If you’ve delved into any of the properties of cannabis, it can, to say the least, be confusing. There’s hemp vs. cannabis, and CBD vs. THC. The swarm of letters and percentages is enough to make your head spin.
If you’re starting a business selling any cannabis-derived product, the intricacy of the laws only increase that confusion. And after the recent passing of the Farm Bill, there’s plenty of new material.
We sat down with an attorney in our network, Dawn Friedman, who’s an expert in the field. (You can watch our full webinar with her here). Dawn spent most of her career in the entertainment industry but has extensive experience in the cannabis business.
Here are a few top things we learned from talking with Dawn:
THC is intoxicating; CBD is not
The biggest misconceptions surrounding cannabis-based products is whether or not they will get you high. But it’s important to understand that not all products do. Hemp, for example – which the Farm Bill details – has extremely low levels of THC, the intoxicating property that’s found in marijuana. However, a lot of products on the market today include CBD, which is a non-intoxicating derivative of cannabis. Just because something has CBD (or even low levels of THC) does not mean that product will produce a high.
What does the Farm Bill actually do?
With the passage of the Farm Bill, industrial hemp is now no longer considered a Schedule 1 drug under the Controlled Substances Act. This now makes federal research into hemp legal. Hemp – a type of plant in the same plant family as cannabis – is now considered an agricultural product. It can be used for textiles, fuel, and a myriad of other uses.
Now the hemp is no longer considered a federally illegal drug, this makes it possible for people who grow hemp to qualify for insurance, loans, and other things they weren’t able to attain when hemp was illegal. This opens the doors for people to truly go into business around hemp now.
If you’re starting a business in this industry, don’t make any medical claims
It’s important to note that the Farm Bill only affects how industrial hemp is perceived and regulated – not CBD. Still, CBD products continue to flood the market. Since CBD is still technically considered an illegal drug not approved by the FDA, it’s not technically legal to include CBD in products meant for consumption (like those CBD cookies you see at coffee shops). CBD regulations vary wildly state by state.
Some studies have shown that CBD has the potential to have physical and mental benefits. However, it’s still not legal for store owners and operators to make medical claims about their CBD products – at least until the FDA can step in and start to make some kind of regulations.
Regulation is … lax
Since the products and state laws vary so much – and since there is even so much confusion at the national level – regulation hasn’t been strong so far.
“The FDA is supposed to be coming out with some regulations with CBD in food and things you would consume,” Dawn said. “They know it’s sort of urgent. But at the current time, people are just continuing what they’ve been doing. Others have taken a step back and are kind of waiting to see what the lay of the land is before they step into it.”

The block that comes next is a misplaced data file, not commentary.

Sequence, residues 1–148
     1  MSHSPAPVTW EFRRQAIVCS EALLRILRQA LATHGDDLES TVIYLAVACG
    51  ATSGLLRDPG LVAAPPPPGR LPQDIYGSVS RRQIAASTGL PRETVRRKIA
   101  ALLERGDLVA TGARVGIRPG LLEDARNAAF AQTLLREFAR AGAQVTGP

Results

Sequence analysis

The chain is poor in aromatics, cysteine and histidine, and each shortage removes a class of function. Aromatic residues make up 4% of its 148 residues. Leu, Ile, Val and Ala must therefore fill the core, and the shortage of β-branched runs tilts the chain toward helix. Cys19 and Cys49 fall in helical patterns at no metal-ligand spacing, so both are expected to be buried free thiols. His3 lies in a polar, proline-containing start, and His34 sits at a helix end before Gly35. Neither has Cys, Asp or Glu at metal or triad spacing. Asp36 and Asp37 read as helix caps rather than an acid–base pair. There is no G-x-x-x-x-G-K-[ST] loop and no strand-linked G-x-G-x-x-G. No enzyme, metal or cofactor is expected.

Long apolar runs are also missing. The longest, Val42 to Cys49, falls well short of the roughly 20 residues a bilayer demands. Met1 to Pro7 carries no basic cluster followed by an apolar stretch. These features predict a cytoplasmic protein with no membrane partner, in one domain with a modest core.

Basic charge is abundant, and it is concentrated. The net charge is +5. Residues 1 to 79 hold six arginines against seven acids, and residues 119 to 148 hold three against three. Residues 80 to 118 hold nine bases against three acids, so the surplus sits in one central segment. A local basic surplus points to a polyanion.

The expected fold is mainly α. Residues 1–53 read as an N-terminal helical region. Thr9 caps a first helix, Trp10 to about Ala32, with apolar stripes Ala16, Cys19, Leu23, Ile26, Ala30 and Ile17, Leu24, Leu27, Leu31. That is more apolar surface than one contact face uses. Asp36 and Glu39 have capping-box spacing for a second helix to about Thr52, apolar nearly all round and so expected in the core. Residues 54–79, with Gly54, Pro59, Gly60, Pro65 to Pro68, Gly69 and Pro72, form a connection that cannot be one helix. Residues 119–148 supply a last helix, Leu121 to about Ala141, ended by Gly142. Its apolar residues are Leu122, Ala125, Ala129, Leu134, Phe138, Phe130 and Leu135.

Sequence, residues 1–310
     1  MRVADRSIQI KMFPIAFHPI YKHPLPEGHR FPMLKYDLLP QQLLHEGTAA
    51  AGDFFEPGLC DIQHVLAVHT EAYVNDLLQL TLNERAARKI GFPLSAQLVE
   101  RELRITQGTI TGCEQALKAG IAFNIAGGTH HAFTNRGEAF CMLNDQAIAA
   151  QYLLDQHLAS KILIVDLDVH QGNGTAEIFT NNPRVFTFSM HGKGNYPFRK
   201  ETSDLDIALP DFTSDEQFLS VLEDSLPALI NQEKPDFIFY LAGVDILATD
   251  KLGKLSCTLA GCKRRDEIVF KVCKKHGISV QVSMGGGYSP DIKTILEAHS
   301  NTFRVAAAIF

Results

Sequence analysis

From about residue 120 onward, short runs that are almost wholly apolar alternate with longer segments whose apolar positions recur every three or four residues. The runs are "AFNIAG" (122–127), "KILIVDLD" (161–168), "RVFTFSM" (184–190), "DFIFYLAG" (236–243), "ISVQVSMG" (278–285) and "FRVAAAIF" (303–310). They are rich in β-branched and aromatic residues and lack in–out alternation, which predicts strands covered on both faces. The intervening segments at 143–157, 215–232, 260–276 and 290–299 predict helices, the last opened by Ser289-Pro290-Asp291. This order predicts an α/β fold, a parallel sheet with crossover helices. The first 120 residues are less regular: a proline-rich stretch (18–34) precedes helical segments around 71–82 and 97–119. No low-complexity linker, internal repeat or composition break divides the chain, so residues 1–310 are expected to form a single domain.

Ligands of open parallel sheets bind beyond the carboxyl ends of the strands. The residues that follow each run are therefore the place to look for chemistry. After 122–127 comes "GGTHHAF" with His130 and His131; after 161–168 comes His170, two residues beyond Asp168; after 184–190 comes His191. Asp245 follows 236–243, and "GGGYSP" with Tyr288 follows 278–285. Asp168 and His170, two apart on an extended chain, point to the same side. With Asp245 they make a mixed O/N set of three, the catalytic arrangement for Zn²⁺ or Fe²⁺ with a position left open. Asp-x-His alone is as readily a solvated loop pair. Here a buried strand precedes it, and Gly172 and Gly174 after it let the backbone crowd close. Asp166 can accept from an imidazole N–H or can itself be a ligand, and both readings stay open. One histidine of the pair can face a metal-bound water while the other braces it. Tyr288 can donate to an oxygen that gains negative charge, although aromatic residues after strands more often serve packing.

Overall knowledge of CBD products is also lacking
Since hemp- and cannabis-derived products have, for so long, been classified as Schedule 1 drugs, no federal money has gone towards research into their potential benefits. What few studies are out there have not been nearly as extensive as necessary to truly understand the benefits or risks associated with using products that come from the cannabis family.
That lack of research affects the medical claims store owners can make. But there’s also a general lack of awareness of what is actually in the products available for purchase. Since there is no federal regulation, it’s hard to be sure of what’s in what you buy.
“Once there’s more research, I would absolutely consider it,” Dawn said. “But I would also be very careful about what I bought, where I bought it, making sure it had been lab-tested, that each dosage was clearly marked. Anything that’s ingestible I would be extremely nervous because you just don’t know what’s in there without the regulation.”
Don’t try to figure it all out on your own
If we learned anything from our time with Dawn, it’s that we don’t have all the answers. There are so many questions, regulations (or lack thereof), and loopholes out there that it can be hard to sort through. That’s why it’s important that if you’re thinking about taking advantage of the Farm Bill and starting a business around hemp-based products, you should consult an attorney with some expertise in the field. There are way too many rabbit holes that are too easy to fall into when it comes to this topic.
Dawn is a veteran attorney in the entertainment industry focusing on new media and television and recently a lawyer for cannabis businesses. You can read more about her on her WMN / WRK profile here.
- Cannabis Cocktails: CBD-Infused Booze is Here, Denver – from Westword
- Forget Growing Weed: Make Yeast Spit Out CBD and THC Instead – from Wired
- FDA Head Reveals New Details About Agency’s CBD Regulation Plans – from Marijuana Moment
- The cannabis industry is begging the FDA for some CBD regulations as Gottlieb heads to the Hill – from CNBC
- FDA plans first public hearings on legalizing CBD foods in April – from CNBC
- ‘CBD Crackdown’ Puts Damper on a Budding U.S. Cannabis Industry – from Weedmaps
- Are CBD-Infused Alcohol Beverages Legal? – from LexBlog
- And Best Democratic Experiment Goes to … (Legal?) Weed at the Oscars – from Canna Law Blog
- Hemp and CBD After the 2018 Farm Bill – from Natural Products Insider
- New York City plans to start fining restaurants that use CBD in food and drinks – from CNBC
- Is FDA Behind the Latest CBD Crackdown? – from The Fresh Toast